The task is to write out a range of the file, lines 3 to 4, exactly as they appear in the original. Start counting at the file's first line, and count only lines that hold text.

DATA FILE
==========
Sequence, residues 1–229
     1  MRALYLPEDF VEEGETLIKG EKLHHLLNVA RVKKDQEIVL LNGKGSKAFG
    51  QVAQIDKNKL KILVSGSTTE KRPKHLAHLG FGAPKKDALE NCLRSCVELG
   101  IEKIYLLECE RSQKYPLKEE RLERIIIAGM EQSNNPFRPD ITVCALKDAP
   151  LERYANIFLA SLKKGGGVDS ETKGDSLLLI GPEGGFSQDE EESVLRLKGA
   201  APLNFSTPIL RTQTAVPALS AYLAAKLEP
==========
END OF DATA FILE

    51  QVAQIDKNKL KILVSGSTTE KRPKHLAHLG FGAPKKDALE NCLRSCVELG
   101  IEKIYLLECE RSQKYPLKEE RLERIIIAGM EQSNNPFRPD ITVCALKDAP